Telepsychology Take Two

Should you become a telepsychology practitioner?

Posted Sep 10, 2019

As referred to in my prior post, this post will be more for counselors and psychologists who are considering doing telepsychology or telemental health. It seems as though this post is definitely in order after some of the responses to my prior post. I admit that I was also very skeptical of how the therapeutic process would work in an online format so I would like to take some space here to answer some questions about doing therapy online.

The very first thing an interested therapist should do is check state laws and licensure codes. In Virginia, for example, licensed clinical psychologists can only practice synchronously (in real-time). Other mental health professionals may be able to do more informal types of therapy, but I am unaware of research on how effective that form of therapy is alone. Some research has been conducted on text messaging therapy as an adjunctive treatment with mixed results (Aguilera, Bruehlman-Senecal, Demasi, & Avila, 2017). In contrast, there is good evidence that most evidence-based therapies, especially cognitive behavioral therapy (CBT), can be delivered via video with the same results as in-person (Nelson & Duncan, 2015; Gross et al., 2013). In other states, the licensure codes and laws will differ significantly, so make sure to check your state’s rules before doing anything else.

After you have determined whether this would be a legal and allowable practice in your state, it is necessary to obtain training to ensure competence. Some graduate programs are now providing the necessary training to become competent (McCord et al., 2013) as there is a recognition that this will be a popular method of delivery in the future. There are many different venues to complete training and, as I have not evaluated them, I will not recommend one here. I do however believe that these trainings should cover HIPPA and other privacy concerns, technology issues specific to the therapy relationship, and ethical issues. A great place to start if you have concerns about the ethical issues of using telepsychology is the American Psychological Association’s Guidelines for Telepsychology document (2010). This document alone will not give you adequate training but is a good jumping-off point.

Finally, you must decide your level of comfort. As I stated in the previous post, the therapist’s comfort level really affects whether or not a good therapeutic alliance will be formed online (Frueh et al. 2007).  A good training program will also allow you to feel more comfortable and competent with using technology (Nelson & Duncan, 2015) and excellent book chapters have been written to address this issue (Glueck, 2013). Practice will also increase your comfort level and it may be beneficial to check in with your client frequently to determine whether this format continues to work for them. One approach that has been beneficial to me has been to meet with my clients face-to-face for an intake and then move therapy to a video/online format. At intervals, it may even be beneficial to reconnect face-to-face for a session to re-evaluate the appropriateness of the approach.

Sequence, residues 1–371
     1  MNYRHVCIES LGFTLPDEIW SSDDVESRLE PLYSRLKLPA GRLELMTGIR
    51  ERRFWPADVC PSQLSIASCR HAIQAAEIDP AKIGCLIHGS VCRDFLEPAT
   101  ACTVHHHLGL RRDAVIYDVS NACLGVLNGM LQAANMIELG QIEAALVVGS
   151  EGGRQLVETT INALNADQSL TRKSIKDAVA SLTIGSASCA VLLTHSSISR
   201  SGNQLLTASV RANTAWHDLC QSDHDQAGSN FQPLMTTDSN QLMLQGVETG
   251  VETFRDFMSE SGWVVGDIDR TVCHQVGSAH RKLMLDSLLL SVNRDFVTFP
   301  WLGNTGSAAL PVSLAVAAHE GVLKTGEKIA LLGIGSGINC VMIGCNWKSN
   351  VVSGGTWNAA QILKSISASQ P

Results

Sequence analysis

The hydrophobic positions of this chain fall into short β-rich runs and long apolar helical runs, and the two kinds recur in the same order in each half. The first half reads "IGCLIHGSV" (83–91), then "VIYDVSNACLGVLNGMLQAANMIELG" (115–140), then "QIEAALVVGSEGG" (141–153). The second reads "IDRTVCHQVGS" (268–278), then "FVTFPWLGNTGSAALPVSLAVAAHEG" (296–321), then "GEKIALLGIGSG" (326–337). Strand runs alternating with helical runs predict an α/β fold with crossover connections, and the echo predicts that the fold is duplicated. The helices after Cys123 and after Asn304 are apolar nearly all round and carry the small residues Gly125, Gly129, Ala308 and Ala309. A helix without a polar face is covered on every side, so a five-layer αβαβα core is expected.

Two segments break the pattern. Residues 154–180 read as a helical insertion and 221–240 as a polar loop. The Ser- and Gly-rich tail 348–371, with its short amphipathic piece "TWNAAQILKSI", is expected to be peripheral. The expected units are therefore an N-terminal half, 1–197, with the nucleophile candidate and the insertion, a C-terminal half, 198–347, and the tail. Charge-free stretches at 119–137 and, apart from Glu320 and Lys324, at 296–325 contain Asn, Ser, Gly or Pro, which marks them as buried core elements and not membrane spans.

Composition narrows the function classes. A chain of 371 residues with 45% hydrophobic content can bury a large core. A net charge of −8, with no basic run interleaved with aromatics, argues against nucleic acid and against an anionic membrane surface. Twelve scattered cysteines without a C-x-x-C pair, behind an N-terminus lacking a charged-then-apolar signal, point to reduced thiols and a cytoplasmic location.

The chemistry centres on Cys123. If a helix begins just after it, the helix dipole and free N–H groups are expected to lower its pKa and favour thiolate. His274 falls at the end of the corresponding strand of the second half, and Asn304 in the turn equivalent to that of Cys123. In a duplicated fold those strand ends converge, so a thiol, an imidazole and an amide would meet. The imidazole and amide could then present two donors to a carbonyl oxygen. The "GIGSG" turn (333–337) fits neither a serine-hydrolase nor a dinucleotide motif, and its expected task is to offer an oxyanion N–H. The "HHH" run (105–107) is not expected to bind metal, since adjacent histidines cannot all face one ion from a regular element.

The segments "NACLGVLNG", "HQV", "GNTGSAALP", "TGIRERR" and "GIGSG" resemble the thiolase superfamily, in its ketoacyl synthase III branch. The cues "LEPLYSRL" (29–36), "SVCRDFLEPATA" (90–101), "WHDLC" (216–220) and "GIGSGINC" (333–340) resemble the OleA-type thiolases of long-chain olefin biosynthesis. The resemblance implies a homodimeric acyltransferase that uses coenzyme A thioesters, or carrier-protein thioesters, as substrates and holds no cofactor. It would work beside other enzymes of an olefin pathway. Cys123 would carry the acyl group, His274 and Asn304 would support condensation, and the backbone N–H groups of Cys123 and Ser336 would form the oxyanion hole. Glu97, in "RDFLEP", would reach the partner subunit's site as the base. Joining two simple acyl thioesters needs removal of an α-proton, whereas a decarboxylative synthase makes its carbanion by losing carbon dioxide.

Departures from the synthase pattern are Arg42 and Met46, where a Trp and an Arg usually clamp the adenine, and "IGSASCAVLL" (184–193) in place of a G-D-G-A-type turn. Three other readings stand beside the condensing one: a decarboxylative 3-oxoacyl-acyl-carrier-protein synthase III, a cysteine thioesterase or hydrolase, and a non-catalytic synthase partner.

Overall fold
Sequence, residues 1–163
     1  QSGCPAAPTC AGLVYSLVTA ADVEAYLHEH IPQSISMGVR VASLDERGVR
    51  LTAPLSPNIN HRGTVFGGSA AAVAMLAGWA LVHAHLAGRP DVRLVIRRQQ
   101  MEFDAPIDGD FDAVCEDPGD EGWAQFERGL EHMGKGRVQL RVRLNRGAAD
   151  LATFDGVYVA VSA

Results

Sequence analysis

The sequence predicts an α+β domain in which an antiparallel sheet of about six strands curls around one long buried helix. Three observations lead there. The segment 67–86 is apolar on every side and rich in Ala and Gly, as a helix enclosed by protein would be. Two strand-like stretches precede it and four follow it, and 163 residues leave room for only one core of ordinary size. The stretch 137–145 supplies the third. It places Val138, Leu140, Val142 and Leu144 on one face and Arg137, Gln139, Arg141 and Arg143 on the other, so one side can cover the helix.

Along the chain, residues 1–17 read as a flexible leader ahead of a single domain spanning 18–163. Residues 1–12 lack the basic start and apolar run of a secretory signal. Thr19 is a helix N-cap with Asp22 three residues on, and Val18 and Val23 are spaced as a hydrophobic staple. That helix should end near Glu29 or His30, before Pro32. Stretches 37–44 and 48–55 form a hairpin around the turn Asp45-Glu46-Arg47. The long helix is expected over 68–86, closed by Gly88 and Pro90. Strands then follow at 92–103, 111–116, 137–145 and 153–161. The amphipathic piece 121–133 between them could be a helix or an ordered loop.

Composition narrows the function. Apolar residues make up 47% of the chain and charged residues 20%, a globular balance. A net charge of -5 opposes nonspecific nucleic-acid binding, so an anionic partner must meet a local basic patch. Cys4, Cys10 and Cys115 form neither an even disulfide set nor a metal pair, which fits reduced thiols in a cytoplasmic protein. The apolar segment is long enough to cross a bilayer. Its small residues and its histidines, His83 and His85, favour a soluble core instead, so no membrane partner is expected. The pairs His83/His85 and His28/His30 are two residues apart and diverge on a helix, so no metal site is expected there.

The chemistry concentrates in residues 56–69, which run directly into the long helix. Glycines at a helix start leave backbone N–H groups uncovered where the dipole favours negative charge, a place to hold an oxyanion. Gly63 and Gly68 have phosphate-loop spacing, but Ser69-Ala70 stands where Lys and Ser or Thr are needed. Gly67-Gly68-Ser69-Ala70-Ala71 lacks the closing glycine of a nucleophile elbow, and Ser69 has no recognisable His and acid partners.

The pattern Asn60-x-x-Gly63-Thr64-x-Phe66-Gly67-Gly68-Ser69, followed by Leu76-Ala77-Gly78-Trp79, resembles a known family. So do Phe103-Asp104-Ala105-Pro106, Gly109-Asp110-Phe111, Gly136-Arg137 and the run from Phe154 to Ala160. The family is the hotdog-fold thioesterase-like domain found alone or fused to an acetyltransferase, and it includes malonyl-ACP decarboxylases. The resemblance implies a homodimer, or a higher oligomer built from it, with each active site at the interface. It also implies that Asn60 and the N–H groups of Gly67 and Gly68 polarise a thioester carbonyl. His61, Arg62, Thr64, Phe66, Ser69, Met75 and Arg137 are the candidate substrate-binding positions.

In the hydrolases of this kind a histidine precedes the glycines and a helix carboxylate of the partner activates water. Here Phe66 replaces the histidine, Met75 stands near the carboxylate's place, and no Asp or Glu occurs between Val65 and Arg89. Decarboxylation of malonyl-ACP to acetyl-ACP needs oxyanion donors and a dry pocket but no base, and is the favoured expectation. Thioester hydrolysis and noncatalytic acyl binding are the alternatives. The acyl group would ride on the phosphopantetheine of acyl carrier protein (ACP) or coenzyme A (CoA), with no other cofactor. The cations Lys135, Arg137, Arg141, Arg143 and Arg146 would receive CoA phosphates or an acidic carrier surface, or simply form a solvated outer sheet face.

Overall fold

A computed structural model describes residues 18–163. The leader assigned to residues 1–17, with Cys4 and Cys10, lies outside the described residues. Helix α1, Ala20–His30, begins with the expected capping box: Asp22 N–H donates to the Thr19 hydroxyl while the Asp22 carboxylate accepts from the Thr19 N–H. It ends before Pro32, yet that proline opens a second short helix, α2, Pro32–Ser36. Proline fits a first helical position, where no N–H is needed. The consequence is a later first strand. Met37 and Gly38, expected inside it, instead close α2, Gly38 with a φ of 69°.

Again telepsychology or online therapy will not be for everyone, just as CBT or family therapy is not for every practitioner or client. It can, however, offer significant benefit to individuals in rural areas or those who have mobility or other issues that would prevent them from receiving care otherwise. It is my hope that more qualified mental health professionals will become trained in this format so we can reach those who need assistance but may have trouble obtaining it. As mental health care providers, we should consider every option that will expand access to care.

References

References

Aguilera, A., Bruehlman-Senecal, E., Demasi, O., & Avila, P. (2017). Automated text messaging as an adjunct to cognitive behavioral therapy for depression: A clinical trial. Journal of Medical Internet Research, 19(5), e148-e148. doi:10.2196/jmir.6914

Frueh, C., Monnier, J., Grubaugh, A. L., Elhai, J. D., Yim, E., & Knapp, R. (2007). Counselor adherence and competence with manualized cognitive-behavioral therapy for PTSD delivered via videoconferencing technology. Behavior Modification, 31, 856866.

Glueck, D. (2013). Establishing therapeutic rapport in telemental health. In K. Myers & C. L. Turvey (Eds.), Elsevier insights. Telemental health: Clinical, technical, and administrative foundations for evidence-based practice (pp. 29-46). Amsterdam, Netherlands: Elsevier.

Gros, D. F., Morland, L. A., Greene, C. J., Acierno, R., Strachan, M., Egede, L. E., . . . Frueh, B. C. (2013). Delivery of evidence-based psychotherapy via video telehealth. Journal of Psychopathology and Behavioral Assessment, 35(4), 506-521. doi:http://dx.doi.org.library.capella.edu/10.1007/s10862-013-9363-4

Joint Task Force for the Development of Telepsychology Guidelines for Psychologists. (2013). Guidelines for the practice of telepsychology. The American Psychologist, 68(9), 791-800. doi:10.1037/a0035001

McCord, C. E., McCord, C. E., Saenz, J. J., Saenz, J. J., Armstrong, T. W., Armstrong, T. W., . . . Elliott, T. R. (2015). Training the next generation of counseling psychologists in the practice of telepsychology. Counselling Psychology Quarterly, 28(3), 324-344. doi:10.1080/09515070.2015.1053433

Nelson, E., & Duncan, A. B. (2015). Cognitive-behavioral therapy using televideo. Cognitive and Behavioral Practice, 22(3), 269-280. doi:10.1016/j.cbpra.2015.03.001